Holding multiple identities

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how it looks trying to view the world around you when you forget to put your glasses back on. shae sackman

Trying to hold onto identities is like grasping sand and hoping it won’t slip away, impossible to do but a task we try nonetheless.

What do you do when you are rudely confronted with how another person sees you? How is it that a large part of what makes up our identities ends up being a rough averaging of impressions others have gleaned from our actions and then made some sort of decision on? What if the perception a person has of you is completely wrong? What if you yourself don’t know who you are? 

What if you can’t know who you are?

This very briefly outlines some of the problems with conceiving of ‘identity’ as something that a person has or possesses in some concrete and measurable way. Even when allowing for the fact that identity shifts and changes through time and experience, the concept is still not flexible enough. It remains not quite useful enough. Just a little bit too small. Last year’s unfashionable winter coat with tattered notes to self in the pockets.

If the possibility of identity not having a specific, defined set of possibilities and options is a hard concept for you to dismantle in your mind, consider trying to ‘have’ a river. Or think about how you might go about ‘owning’ or ‘possessing’ light as your very own. Attempting to control or limit these changing, moving substances is like wrapping your fingers around a palm full of sand and increasing your grip. It escapes your grasp. Even if you somehow trap and contain it, the substance cares not for the space it is being forced to occupy.

Identity is kind of like that.

Letting people believe that identity is stable and completely quantifiable, consisting of certain sets of types and kinds that can be neatly explained is a disservice. It serves to falsely limit what we can think of or what we can experience of ourselves and of others. The fake boundaries the concept of ‘an identity’ enforces also work to create a sense of exclusivity. You can be this, but not that. One but not another.

The evidence of this kind of limitation is plain to see in peoples’ attitudes towards trans people, towards disabled people, toward people who experience psychological disorders or who are neurodivergent; to people who do not feel particularly pressured to be one specific way or another; to people who cannot be one thing or another. The tedious work of having to spend time ‘proving’ the people we are to those who can see us or even to ourselves is placed squarely on the one who should be trying to do their best to let the sand just rest in their palm.

I have tried to quantify who or what I am in ways that make sense to others and myself for my entire life, just as everybody else does in their lives. I have put endless time into being the ways that grant me access to the sorts of things I need and tending to those ways of being out of necessity. Along the way, I developed reasons and rationales and stories to tell myself why this false limit is necessary – defended its usefulness, propped it up with the theoretical good I could see that it provided. I have used this limitation against others.

The inspiration for these 1000 words of typed out confusion and frustration come from an experience I had quite a while ago that I am not entirely sure what to do with. It is something that I have pondered every day since it happened. It has bothered and perplexed me so much that I have spoken about it with friends, even when they are entirely baffled as to why it bothers me. The story goes that a thoughtful gesture found its way to me. Time was dedicated to this gesture. Effort was expended. Ideas were considered, words were written, and intention was applied in a measured and specific way.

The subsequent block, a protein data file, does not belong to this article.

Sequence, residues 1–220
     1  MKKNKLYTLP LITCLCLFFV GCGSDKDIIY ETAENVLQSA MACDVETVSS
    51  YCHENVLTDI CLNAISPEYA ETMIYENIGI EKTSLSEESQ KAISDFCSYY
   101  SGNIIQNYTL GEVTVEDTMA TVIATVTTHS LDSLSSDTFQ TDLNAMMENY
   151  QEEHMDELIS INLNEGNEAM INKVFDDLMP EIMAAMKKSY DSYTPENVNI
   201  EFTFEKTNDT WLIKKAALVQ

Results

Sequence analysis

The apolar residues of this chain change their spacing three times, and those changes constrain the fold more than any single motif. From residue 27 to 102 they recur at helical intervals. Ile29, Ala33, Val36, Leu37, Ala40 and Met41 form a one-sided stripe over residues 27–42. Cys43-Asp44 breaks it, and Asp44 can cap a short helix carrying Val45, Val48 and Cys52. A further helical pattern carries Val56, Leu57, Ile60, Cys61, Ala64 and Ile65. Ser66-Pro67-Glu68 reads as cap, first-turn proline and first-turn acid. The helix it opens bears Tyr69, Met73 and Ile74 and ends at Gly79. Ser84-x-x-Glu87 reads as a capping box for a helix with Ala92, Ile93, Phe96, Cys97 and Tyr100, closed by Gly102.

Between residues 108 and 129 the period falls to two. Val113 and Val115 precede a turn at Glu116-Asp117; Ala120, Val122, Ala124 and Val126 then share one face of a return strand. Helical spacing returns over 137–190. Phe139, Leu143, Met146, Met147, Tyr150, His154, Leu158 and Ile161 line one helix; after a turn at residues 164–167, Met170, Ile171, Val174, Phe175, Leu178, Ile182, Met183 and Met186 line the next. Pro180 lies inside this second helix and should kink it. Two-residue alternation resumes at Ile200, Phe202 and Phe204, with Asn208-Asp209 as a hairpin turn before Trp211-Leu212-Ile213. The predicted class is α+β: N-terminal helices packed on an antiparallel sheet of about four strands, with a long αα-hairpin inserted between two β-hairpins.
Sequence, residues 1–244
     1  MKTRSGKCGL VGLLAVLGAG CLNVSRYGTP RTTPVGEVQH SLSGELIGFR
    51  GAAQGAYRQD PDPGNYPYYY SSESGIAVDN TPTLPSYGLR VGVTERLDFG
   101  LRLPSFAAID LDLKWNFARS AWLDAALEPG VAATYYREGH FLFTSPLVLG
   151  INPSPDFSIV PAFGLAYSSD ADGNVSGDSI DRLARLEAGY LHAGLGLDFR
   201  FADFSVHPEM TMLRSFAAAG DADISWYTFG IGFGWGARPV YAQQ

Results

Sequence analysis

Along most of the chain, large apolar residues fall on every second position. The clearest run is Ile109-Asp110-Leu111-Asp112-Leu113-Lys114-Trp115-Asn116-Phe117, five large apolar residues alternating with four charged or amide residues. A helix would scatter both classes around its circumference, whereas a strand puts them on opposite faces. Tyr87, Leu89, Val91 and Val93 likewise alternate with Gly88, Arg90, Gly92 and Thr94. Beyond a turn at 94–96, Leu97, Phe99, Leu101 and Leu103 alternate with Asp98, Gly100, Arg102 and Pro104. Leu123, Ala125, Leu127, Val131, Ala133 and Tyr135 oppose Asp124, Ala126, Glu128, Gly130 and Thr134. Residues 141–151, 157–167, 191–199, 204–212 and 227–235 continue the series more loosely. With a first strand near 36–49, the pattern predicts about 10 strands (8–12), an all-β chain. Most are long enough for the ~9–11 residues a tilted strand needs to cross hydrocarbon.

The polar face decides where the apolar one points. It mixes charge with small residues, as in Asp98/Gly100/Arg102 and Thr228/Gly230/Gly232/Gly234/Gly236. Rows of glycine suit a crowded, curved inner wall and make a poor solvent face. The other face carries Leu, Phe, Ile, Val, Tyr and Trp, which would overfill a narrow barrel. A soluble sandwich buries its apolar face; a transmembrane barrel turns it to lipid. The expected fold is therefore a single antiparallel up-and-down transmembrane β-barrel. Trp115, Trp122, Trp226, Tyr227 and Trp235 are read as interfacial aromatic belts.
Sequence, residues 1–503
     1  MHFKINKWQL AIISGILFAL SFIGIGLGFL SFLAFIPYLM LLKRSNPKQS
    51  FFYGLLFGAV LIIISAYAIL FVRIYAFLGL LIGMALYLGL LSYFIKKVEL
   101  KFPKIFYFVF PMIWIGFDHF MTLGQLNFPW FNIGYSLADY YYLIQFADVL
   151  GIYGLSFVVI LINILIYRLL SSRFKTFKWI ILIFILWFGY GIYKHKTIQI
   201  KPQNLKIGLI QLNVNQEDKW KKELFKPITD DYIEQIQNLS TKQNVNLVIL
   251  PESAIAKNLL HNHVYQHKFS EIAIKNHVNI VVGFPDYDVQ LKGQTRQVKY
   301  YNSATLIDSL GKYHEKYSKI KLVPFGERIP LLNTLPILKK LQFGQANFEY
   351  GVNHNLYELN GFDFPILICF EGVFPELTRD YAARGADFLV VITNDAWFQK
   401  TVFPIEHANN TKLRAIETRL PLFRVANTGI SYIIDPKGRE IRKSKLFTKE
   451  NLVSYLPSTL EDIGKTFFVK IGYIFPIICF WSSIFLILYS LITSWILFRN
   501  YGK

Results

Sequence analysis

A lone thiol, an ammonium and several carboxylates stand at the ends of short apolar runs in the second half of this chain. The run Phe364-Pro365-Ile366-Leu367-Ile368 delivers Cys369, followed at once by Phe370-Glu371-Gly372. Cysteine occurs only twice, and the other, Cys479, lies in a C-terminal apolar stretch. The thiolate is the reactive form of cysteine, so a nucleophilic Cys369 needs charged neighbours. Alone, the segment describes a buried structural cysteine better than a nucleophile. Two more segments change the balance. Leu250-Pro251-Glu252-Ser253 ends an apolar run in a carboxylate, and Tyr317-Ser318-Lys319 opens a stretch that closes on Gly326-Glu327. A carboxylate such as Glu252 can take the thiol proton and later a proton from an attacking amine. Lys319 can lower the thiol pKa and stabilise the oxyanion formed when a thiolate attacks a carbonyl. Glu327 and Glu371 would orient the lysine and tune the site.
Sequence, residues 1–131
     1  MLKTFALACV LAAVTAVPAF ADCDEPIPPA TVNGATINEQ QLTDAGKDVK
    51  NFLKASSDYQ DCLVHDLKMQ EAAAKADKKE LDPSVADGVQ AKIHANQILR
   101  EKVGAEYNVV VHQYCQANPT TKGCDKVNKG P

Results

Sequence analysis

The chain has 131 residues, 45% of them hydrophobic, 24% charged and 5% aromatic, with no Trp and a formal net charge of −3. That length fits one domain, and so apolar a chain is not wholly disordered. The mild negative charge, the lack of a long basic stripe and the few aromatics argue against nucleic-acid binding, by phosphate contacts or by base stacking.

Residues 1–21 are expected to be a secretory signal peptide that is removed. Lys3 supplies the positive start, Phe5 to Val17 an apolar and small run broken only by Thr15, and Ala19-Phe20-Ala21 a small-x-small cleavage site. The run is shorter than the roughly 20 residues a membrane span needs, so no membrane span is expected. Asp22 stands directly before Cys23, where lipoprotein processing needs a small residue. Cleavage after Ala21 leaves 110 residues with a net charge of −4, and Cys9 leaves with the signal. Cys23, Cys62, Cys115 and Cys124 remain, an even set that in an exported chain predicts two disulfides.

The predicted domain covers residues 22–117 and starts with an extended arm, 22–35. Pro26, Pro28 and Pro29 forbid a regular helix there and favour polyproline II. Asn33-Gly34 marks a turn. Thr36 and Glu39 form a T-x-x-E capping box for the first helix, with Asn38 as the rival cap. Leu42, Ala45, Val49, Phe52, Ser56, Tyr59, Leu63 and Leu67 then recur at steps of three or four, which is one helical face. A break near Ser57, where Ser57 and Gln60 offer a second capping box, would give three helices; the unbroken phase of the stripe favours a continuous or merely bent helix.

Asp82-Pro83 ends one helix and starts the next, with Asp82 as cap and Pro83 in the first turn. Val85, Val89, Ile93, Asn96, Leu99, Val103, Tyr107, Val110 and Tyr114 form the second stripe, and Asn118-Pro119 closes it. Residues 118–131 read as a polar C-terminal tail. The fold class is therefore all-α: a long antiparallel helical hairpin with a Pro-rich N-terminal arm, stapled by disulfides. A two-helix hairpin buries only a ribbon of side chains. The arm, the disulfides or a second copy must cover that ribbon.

But this gesture included something so at odds with any sort of identity that I can even conceive of that my receiving the gesture produced a visceral discordant reaction – the physical movement of a mangled note on a violin. To be so ruthlessly and mystifyingly assigned a one-dimensional identity that cannot possibly contain any part of who or what I am remains an experience I am not sure how to hold. If it helps, picture this article as me, cupping this spikey, incongruous sand of this identity in my palm and attempting not to force it into some other shape that makes more sense to me – a shape that suits me better or one that feels more useful.

Lately the loud, jangly twang of a tone this experience has produced within me is finally settling. I have not been able to reconcile it. There is no way to solve this situation, as it is not a problem. There is not a conversation to be had with the person who provided the gesture, and there is not likely a lesson to be learned here. But the sand is relaxing into the cracks and lines in my fingers as I loosely hold it and consider it with a baffled look.

As it turns out, doing away with the attempts at being neater or tidier in who or what you are shows others that they can do the same. It helps to show that knowing who you are might be limiting who you are in some ways. There is a lot more potential when everyone’s hands aren’t crushed around the grains of sand they’ve managed to find for themselves.

You have no right to what someone else thinks of you. But you have no right to any sort of measurable or quantifiable identity, either.  So go out there. Contain multitudes. Fuck around and never really find out. 

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